Part of the reason big-budget special effects movies and CG-animted features cost so much to make and take so long to complete, is because the directors have so much digital control they can go and tweak every last detail until litterally a week before the movie goes to cinemas. Give me stop-motion any day over CGI. It's true stop-motion films have an extremely high overhead, but they always end up being cheaper in the long-run, and in my humble little oppinion, a thousand times nicer to look at because you're dealing with real lights, real characters, real textures and real objects. In a stop-motion production, all the money goes into story/character development, planning, set contstruction and animation. Once that's finished the film practically edits itself and accept for a few small changes you can make digitally to help enhance or fix certain shots, you can't change much. The same goes for traditional 2D animation. It just goes to show you why Fantastic Mr. Fox cost $40 million and Tangled cost $260 million.
A lot of this is beside the point, but if I were you, I would do several tests to see how long it would actually take to do all the animation with the puppet tool and re-render the lines by hand in Photoshop so it looks the way you want it to. That way you know how long one shot will take to finish. Then at that point, you can show your client the final render style to see if they like it, and if so, you can explain to him how the process works. That way he/she'll understand when you're showing all of the "ugly" animation of your simple AE puppeted characters to create a detailed animatic. Then you can tweak the AE puppets as much as you want before taking them into Photoshop for a final render, which I'd do by hand. At that point you want to let your client know that he can't change anything else as far as timing and animation before you start your rendering process. And, make sure you show him the progress of the renders, so you can change the render style as early on as possible if the client doesn't like it.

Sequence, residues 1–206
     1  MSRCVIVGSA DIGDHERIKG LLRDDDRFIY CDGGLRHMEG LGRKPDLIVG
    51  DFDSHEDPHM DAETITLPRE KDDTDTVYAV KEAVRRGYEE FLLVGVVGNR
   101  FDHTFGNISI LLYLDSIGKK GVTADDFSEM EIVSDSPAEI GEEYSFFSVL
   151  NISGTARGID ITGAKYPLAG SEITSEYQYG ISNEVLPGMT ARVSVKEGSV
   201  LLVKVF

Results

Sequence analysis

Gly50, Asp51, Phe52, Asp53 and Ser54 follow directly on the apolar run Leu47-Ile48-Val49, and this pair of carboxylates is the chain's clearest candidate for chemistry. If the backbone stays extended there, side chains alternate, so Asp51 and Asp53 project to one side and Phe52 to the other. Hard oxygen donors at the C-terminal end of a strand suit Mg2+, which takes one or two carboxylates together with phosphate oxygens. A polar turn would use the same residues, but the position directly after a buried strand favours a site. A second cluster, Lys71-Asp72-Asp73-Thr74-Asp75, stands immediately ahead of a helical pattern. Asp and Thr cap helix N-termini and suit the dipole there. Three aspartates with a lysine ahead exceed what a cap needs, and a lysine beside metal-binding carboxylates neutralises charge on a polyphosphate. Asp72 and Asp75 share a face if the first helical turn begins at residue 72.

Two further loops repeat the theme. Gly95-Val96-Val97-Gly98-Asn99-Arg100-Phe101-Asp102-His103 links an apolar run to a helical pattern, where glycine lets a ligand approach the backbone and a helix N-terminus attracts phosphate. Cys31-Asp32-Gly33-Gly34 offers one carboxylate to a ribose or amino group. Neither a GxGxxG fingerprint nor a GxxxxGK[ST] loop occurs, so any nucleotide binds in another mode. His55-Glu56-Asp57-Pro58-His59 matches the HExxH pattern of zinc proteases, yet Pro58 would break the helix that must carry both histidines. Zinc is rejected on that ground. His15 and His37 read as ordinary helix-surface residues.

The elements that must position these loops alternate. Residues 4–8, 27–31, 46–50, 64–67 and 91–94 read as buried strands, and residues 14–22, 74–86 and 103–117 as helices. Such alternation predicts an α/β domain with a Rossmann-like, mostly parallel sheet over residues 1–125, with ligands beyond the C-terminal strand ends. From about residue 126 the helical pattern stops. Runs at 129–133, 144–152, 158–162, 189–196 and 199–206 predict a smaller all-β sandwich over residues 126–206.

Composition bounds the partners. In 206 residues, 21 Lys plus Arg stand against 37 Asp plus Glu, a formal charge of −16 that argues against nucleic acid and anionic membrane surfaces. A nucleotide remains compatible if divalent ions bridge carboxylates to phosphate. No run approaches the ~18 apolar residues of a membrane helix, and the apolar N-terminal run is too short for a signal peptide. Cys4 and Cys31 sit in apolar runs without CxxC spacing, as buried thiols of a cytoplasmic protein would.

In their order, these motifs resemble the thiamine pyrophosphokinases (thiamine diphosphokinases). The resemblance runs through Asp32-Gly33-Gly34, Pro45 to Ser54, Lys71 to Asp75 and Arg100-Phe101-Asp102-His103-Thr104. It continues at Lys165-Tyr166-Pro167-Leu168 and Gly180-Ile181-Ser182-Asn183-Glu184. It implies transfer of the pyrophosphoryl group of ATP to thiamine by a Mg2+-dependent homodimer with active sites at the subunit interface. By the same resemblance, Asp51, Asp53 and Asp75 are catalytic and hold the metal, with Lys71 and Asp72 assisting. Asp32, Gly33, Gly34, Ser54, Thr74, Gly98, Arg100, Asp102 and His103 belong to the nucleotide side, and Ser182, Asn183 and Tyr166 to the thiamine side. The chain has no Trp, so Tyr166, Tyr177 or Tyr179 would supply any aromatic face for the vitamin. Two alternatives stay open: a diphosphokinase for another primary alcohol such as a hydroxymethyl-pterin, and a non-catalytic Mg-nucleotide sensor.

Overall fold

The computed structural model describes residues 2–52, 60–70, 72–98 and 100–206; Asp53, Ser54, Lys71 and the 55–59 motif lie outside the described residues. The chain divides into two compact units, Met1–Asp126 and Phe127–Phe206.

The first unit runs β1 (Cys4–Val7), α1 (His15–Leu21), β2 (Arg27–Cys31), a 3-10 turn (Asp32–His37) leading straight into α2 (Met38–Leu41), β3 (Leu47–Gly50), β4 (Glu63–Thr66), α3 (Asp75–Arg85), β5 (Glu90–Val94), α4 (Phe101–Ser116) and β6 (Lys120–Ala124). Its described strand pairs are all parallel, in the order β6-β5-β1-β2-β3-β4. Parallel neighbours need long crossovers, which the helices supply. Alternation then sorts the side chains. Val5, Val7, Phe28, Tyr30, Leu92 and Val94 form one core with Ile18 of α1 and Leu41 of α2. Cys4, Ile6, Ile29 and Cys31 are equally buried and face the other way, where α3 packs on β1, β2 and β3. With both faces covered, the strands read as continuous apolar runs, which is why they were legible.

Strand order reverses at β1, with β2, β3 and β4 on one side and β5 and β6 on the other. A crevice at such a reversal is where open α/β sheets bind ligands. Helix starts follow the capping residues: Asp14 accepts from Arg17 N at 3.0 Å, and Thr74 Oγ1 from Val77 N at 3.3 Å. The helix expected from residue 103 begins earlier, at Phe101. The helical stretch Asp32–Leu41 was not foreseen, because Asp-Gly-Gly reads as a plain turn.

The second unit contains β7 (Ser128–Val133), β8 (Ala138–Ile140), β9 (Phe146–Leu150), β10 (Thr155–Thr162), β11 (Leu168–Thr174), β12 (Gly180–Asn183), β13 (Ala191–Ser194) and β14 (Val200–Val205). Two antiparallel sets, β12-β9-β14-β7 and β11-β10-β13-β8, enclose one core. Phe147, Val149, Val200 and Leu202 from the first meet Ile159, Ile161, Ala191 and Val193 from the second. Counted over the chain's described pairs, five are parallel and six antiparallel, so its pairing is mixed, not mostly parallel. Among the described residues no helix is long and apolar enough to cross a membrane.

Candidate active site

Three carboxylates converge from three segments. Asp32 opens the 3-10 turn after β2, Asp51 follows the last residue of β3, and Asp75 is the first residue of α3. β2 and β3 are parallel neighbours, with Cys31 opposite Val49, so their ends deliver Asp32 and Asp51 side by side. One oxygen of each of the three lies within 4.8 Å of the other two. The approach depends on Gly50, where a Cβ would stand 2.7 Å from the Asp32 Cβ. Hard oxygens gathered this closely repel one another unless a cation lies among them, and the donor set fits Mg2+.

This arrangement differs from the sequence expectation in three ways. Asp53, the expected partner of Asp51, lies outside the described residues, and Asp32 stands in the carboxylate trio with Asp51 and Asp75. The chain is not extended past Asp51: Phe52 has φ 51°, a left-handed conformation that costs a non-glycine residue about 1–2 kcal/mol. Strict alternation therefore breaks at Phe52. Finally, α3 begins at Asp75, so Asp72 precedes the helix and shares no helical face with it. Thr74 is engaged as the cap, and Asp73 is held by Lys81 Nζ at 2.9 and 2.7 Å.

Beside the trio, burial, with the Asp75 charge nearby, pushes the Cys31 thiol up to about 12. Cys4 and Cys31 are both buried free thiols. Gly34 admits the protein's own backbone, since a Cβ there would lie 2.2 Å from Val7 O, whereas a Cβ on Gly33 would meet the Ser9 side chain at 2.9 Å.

Eu fiz um trabalho recentemente que foi uma paródia dos spots da Red Bull e consegui um resultado muito parecido com o original, mas usando o Cinema 4D.
Dê uma olhada:
Any idea what kind of software is used to produca RedBull animations?